This time of year we see many celebrities giving commencement speeches around the country, hopefully imparting nuggets of wisdom to the graduates who are about to embark upon the rest of their adult (and professional) lives. Shonda Rhimes recently gave an amazing speech that I’d like to share with you, dear reader, because I think her lesson is one that we at CareerBuilder fully believe in.
Rhimes, born and raised in Chicago, is an American screenwriter, director, and producer. Rhimes is best known as the creator, head writer, and executive producer of the medical drama television series “Grey’s Anatomy,” its spin-off “Private Practice” and political thriller series “Scandal“. In May 2007, Rhimes was named one of TIME magazine’s 100 people who help shape the world. It’s hard enough making it in television. It’s even harder succeeding with several projects and being the boss. Add in being a woman of color and you have an example of someone who knows how to get things done.
Beyond her business success, she has three daughters who she mentions in the speech and probably inspired some of these life lessons–as if she didn’t already have enough wisdom to impart from her career.
Check out a portion of her speech below:
When people give these kinds of speeches, they usually tell you all kinds of wise and heartfelt things. They have wisdom to impart. They have lessons to share. They tell you: Follow your dreams. Listen to your spirit. Change the world. Make your mark. Find your inner voice and make it sing. Embrace failure. Dream. Dream and dream big. As a matter of fact, dream and don’t stop dreaming until all of your dreams come true.
I think that’s crap.
I think a lot of people dream. And while they are busy dreaming, the really happy people, the really successful people, the really interesting, engaged, powerful people, are busy doing.
The dreamers. They stare at the sky and they make plans and they hope and they talk about it endlessly. And they start a lot of sentences with “I want to be …” or “I wish.”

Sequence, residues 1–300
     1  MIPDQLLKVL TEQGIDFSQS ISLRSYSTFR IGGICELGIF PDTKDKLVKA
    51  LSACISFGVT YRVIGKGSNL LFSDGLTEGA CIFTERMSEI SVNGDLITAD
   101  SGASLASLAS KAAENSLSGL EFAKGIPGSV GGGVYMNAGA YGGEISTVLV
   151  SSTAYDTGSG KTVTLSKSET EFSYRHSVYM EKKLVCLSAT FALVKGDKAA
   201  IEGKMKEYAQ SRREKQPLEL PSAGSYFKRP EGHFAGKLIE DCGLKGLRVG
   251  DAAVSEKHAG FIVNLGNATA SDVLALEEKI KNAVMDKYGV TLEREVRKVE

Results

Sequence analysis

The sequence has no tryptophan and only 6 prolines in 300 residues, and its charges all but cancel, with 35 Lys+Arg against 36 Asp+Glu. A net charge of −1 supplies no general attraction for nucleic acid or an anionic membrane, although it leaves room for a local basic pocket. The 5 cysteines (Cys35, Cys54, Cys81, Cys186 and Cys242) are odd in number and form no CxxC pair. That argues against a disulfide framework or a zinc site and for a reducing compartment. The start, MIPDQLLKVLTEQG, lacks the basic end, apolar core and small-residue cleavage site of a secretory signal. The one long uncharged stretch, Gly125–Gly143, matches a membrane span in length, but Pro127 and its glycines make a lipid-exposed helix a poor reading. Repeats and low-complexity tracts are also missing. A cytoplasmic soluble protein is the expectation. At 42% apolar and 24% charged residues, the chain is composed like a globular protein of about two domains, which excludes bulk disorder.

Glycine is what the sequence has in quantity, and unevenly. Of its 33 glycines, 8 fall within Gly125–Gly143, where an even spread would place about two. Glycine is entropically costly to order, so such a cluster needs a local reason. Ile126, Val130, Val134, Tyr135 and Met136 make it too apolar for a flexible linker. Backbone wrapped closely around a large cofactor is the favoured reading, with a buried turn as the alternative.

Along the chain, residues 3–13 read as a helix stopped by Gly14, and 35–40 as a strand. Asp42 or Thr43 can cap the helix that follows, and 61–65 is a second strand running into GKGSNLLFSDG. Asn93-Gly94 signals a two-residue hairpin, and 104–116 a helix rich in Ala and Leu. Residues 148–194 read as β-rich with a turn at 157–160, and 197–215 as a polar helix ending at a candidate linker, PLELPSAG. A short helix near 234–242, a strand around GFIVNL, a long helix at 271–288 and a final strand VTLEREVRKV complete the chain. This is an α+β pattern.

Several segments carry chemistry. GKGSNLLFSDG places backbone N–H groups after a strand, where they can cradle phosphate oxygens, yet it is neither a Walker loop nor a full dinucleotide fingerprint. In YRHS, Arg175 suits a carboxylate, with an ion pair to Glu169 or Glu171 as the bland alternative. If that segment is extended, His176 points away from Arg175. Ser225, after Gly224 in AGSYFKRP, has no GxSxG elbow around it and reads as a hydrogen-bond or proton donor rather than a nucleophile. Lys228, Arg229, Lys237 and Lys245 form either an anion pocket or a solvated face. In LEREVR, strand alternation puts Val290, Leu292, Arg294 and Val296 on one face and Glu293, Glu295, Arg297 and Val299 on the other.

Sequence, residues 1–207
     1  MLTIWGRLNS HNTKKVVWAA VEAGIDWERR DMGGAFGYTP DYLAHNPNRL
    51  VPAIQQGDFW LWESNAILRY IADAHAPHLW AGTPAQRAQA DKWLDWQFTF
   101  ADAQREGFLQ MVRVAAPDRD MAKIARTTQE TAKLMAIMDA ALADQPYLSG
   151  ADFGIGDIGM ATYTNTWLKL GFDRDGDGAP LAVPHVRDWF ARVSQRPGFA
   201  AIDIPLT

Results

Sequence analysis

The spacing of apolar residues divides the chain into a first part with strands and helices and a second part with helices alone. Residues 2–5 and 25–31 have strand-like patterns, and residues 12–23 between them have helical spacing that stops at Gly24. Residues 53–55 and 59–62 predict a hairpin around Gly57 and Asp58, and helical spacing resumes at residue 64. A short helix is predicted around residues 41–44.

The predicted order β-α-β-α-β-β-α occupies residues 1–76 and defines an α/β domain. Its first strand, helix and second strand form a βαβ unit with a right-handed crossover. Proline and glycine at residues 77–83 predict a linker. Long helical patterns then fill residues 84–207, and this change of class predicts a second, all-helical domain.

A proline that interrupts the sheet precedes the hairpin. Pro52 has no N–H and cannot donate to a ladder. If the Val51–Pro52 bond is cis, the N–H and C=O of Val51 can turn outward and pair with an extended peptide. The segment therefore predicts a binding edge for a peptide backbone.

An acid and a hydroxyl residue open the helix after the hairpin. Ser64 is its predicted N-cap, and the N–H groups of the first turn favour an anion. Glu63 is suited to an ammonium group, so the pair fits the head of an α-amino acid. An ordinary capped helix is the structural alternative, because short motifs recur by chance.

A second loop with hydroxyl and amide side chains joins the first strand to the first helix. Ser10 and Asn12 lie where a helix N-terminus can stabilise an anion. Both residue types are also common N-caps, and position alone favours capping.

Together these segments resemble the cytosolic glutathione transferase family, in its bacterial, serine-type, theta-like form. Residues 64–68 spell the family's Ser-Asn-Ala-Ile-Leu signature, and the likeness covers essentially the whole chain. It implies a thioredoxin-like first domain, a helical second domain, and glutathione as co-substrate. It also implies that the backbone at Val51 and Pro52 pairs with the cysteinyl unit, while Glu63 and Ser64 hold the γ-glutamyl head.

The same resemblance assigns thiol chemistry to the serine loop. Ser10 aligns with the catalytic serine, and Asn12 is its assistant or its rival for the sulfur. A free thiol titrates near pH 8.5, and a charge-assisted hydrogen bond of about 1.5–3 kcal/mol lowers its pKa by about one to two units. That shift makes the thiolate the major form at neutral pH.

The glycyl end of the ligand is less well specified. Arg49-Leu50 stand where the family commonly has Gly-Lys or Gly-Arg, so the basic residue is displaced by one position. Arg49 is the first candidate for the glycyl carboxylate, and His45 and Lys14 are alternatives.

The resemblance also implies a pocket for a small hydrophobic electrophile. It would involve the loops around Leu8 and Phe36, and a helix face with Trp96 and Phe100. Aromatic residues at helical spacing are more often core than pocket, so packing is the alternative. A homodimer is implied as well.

“I want to be a writer.” “I wish I could travel around the world.”
And they dream of it. The buttoned-up ones meet for cocktails and they brag about their dreams, and the hippie ones have vision boards and they meditate about their dreams. Maybe you write in journals about your dreams or discuss it endlessly with your best friend or your girlfriend or your mother. And it feels really good. You’re talking about it, and you’re planning it. Kind of. You are blue-skying your life. And that is what everyone says you should be doing. Right? I mean, that’s what Oprah and Bill Gates did to get successful, right?
Dreams are lovely. But they are just dreams. Fleeting, ephemeral, pretty. But dreams do not come true just because you dream them. It’s hard work that makes things happen. It’s hard work that creates change.
So, Lesson One, I guess is: Ditch the dream and be a doer, not a dreamer. Maybe you know exactly what it is you dream of being, or maybe you’re paralyzed because you have no idea what your passion is. The truth is, it doesn’t matter. You don’t have to know. You just have to keep moving forward. You just have to keep doing something, seizing the next opportunity, staying open to trying something new. It doesn’t have to fit your vision of the perfect job or the perfect life. Perfect is boring and dreams are not real. Just … do. So you think, “I wish I could travel.” Great. Sell your crappy car, buy a ticket to Bangkok, and go. Right now. I’m serious.
You want to be a writer? A writer is someone who writes every day, so start writing. You don’t have a job? Get one. Any job. Don’t sit at home waiting for the magical opportunity. Who are you? Prince William? No. Get a job. Go to work. Do something until you can do something else.